onBerakhot 8b,Yoma 81b, Rosh Hashanah 9a;Pesahim 68b) states that it is amitzvah to eat on
Erev Yom Kippur. The Rabbenu Yonah (Sha\u2018arei Teshuvah 4:8-10) offers a number of
rationales for this obligation. One explanation is that on all other Yamim Tovim we institute a
festive meal as an expression of the \u201csimhat ha-mizvah\u201d that we feel. After all, Yom Kippur is also
a Yom Tov (seeTa\u2018anit 26b) but, since eating on the day of Yom Kippur itself is prohibited, we
express that joy the day before. Another explanation is that we eat on Erev Yom Kippur to give
us the strength to engage in the activities of prayer, supplication andteshuvah mandated on the
next day when we will be fasting.

There seems to be a fundamental difference between these two explanations that reflects on the
core essence of the day of Erev Yom Kippur. According to the first, Erev Yom Kippur has adin
of Yom Kippur, it is an extension of Yom Kippur, it fulfills the role of Yom Kippur with regard to
themizvah of eating on a Yom Tov. It serves as the part of \u201cYom Kippur\u201d when food is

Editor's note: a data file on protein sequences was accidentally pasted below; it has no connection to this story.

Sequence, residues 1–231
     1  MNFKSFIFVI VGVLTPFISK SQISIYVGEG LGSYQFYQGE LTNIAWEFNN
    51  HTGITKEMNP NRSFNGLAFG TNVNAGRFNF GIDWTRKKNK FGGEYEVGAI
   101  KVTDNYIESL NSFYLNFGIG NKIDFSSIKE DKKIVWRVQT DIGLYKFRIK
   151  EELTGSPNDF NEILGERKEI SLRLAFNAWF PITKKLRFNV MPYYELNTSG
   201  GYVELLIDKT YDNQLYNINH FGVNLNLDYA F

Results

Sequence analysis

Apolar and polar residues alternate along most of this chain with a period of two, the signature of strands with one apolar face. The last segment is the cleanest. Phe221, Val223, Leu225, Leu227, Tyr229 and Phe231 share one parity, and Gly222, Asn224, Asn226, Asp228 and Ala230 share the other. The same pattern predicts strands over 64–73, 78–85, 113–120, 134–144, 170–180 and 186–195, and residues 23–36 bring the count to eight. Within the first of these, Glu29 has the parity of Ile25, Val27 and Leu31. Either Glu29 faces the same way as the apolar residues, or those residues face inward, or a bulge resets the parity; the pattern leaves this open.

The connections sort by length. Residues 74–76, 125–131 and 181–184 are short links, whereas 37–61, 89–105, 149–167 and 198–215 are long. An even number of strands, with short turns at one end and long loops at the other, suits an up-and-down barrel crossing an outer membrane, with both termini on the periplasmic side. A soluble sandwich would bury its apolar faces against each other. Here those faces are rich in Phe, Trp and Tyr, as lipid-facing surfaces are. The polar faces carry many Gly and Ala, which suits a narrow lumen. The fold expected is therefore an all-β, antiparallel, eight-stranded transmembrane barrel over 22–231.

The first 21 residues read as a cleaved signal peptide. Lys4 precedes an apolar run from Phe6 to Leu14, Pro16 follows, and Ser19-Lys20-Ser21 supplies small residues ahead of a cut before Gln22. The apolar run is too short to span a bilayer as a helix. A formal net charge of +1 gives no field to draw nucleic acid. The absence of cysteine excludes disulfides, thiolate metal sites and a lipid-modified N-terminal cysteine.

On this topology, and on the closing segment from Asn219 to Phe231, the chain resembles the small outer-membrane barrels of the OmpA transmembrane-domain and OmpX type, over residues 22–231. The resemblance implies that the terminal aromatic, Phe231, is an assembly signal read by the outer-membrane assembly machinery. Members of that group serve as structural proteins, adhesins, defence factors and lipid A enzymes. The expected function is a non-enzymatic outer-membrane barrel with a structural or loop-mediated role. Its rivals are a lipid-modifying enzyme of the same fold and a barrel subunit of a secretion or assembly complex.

permitted. According to the second, however, Erev Yom Kippur is not an extension of the day of
Yom Kippur but is, rather, a preparation for Yom Kippur. We eat on that day purely to enable us
properly to acquit ourselves on the more important day that will follow. This point of view is
also reflected in Rashi (onYoma 81b, s.v. kol ha-okhel) and in the Rosh (Yoma 8:22).

There is a long list of halakhic distinctions that may possibly depend on this conceptual analysis.
For example: is thismizvah de-orayta orde-rabbanan?; what and how much must one eat to fulfill
the obligation?; does the obligation begin the night before or only in the morning?; what if one
knows that he will fast well on Yom Kippur without eating the day before?; and are women also
included in this obligation? A growing literature addresses these issues \u2013 and others \u2013 and is
worth careful study.2

This notion of preparation is clearly central before the Yamim Noraim, as it is before Shavuot.
What are we doing to insure that we maximize the opportunity granted us by Hodesh Elul, Rosh
Hashanah, the Aseret Yemei Teshuvah and Yom Kippur? We will benefit from them all only to